Seek emergency medical care
Call 911 or your local emergency number for eye pain if:
- It is unusually severe or accompanied by headache, fever or unusual sensitivity to light
- Your vision changes suddenly
- You also experience nausea or vomiting
- It is caused by a foreign object or chemical splashed in your eye
- You suddenly begin to see halos around lights
- You have swelling in or around your eyes
- You have trouble moving your eye or are unable to keep it open
- You have blood or pus coming from your eyes
Make a doctor's appointment
Contact your eye surgeon if you're experiencing eye pain and you've had eye surgery in the past or if you've recently had eye surgery or an eye injection.
Seek medical attention if you have eye pain and you wear soft contact lenses, have a weakened immune system or your eye pain is not improving after two to three days of medication.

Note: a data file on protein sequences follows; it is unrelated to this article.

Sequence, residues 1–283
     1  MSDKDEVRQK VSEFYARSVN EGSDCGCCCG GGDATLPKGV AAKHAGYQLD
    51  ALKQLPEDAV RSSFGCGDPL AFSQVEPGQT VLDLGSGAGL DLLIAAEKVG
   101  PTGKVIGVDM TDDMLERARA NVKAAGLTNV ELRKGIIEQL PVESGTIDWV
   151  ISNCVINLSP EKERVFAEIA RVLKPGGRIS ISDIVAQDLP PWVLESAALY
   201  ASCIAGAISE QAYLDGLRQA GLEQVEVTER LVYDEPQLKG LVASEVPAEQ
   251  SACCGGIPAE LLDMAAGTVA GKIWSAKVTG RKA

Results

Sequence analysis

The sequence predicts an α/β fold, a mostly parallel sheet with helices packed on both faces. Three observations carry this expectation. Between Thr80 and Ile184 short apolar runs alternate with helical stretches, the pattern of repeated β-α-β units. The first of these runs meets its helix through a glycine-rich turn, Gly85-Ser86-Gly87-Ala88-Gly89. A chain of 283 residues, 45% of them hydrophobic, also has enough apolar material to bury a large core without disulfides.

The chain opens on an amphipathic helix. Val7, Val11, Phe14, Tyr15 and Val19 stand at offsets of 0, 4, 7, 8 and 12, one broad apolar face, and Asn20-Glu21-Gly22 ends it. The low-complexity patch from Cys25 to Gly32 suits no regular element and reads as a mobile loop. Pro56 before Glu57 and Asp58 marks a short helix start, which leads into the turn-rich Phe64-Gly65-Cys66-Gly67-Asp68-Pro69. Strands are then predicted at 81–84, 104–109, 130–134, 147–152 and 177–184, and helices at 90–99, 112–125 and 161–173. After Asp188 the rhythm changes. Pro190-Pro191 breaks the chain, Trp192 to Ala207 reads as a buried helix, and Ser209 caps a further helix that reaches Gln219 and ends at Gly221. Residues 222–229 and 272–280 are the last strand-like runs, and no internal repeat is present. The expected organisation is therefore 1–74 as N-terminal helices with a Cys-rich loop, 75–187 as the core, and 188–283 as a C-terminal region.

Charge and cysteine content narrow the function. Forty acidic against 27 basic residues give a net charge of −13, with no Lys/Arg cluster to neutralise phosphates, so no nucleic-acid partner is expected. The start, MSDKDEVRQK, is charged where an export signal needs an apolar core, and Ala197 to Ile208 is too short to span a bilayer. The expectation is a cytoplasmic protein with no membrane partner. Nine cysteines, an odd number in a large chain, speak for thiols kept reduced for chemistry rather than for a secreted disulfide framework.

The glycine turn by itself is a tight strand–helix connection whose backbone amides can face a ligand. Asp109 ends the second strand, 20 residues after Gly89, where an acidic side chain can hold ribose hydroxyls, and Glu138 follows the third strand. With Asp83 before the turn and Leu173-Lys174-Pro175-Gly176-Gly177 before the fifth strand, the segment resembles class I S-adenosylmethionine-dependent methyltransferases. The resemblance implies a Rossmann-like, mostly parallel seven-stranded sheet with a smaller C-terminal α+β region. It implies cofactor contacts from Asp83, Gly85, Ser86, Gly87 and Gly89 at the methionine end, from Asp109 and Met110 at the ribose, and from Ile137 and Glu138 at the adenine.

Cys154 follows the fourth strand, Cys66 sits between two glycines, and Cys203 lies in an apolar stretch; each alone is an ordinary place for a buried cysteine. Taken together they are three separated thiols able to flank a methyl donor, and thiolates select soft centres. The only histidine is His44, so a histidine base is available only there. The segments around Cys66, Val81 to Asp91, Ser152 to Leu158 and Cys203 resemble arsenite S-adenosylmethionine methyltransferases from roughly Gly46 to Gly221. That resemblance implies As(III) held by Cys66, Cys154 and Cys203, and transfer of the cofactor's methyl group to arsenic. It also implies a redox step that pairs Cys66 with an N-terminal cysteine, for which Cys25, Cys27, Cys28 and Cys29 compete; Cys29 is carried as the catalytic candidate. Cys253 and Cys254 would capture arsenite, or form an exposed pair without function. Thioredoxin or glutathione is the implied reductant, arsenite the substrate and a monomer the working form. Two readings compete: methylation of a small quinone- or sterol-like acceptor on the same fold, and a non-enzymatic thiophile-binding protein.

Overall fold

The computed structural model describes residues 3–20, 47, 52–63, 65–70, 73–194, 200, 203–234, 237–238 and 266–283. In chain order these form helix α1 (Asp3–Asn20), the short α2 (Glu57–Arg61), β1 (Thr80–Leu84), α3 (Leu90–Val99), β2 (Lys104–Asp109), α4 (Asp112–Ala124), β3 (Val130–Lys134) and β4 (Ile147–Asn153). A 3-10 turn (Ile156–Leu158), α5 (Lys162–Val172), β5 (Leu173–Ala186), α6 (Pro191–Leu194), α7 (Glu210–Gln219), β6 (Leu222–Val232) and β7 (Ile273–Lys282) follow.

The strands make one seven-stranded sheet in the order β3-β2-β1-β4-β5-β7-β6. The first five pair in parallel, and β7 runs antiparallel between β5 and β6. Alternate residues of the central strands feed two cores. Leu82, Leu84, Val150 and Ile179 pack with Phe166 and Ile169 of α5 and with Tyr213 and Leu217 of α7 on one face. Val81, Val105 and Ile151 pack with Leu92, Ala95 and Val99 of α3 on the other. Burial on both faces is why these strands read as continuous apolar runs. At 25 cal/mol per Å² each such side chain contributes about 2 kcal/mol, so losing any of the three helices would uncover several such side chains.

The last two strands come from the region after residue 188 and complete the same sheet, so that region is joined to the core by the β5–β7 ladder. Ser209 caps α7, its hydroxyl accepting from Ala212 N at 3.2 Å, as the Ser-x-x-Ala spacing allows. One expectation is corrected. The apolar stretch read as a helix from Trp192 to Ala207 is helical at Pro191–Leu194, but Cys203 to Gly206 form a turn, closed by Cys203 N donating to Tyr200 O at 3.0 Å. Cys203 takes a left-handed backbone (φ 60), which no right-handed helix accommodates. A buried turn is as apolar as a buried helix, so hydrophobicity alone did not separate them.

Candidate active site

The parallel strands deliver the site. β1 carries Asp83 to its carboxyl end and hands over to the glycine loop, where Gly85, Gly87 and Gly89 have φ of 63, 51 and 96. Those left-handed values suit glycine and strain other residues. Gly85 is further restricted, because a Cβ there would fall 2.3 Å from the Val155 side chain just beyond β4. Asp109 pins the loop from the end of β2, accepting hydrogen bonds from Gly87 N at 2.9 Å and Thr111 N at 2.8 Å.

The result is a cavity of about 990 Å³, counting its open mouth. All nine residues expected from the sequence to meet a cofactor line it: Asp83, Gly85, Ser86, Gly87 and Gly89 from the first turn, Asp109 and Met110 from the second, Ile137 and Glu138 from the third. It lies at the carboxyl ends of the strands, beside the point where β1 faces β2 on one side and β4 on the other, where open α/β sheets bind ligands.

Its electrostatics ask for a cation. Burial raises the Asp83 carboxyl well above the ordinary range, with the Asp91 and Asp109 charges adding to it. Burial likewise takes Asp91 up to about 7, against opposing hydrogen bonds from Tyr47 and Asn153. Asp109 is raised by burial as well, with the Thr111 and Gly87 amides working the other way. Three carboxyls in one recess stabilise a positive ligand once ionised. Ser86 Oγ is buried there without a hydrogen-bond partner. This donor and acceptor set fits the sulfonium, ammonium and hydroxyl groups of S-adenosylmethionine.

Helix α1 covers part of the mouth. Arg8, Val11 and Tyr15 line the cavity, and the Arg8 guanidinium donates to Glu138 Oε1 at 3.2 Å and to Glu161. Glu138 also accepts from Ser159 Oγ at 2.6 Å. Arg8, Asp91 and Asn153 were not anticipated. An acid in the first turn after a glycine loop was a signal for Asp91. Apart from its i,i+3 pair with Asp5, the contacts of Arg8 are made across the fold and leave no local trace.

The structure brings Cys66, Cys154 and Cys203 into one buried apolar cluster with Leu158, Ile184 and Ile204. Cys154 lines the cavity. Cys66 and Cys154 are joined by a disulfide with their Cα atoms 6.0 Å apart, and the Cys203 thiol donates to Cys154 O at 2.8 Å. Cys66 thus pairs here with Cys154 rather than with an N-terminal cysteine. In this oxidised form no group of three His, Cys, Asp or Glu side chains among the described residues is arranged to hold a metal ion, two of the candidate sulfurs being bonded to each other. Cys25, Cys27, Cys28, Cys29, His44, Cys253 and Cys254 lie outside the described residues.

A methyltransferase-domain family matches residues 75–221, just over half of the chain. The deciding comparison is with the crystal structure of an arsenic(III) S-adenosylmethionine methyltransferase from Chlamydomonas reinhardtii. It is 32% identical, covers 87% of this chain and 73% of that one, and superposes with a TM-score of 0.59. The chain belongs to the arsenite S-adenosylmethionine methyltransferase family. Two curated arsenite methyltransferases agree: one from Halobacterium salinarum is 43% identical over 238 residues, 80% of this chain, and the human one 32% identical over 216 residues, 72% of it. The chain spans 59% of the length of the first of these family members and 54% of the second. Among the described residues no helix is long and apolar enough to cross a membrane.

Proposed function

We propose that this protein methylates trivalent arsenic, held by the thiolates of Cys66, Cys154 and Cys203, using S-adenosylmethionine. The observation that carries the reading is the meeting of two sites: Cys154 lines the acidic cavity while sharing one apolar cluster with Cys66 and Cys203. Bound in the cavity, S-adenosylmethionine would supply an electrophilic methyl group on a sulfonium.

Feb. 25, 2016
- AskMayoExpert. Painful or red eye. Rochester, Minn.: Mayo Foundation for Medical Education and Research; 2014.
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- Eye pain. Merck Manual Professional Version. www.merckmanuals.com. Accessed Jan. 4, 2016.
- Marx JA, et al., eds. Red and painful eye. In: Rosen's Emergency Medicine: Concepts and Clinical Practice. 8th ed. Philadelphia, Pa.: Saunders Elsevier; 2014. http://www.clinicalkey.com. Accessed Jan. 4, 2016.
- Nasolacrimal duct obstruction. American Association for Pediatric Ophthalmology and Strabismus. http://www.aapos.org/terms/conditions/72. Accessed Dec. 16, 2015.
- Yanoff M, et al., eds. Ectropion. In: Ophthalmology. 4th ed. Edinburgh, U.K.: Mosby Elsevier; 2014. http://www.clinicalkey.com. Accessed Nov. 23, 2015.
- Wilkinson JM (expert opinion). Mayo Clinic, Rochester, Minn. Jan. 18, 2016.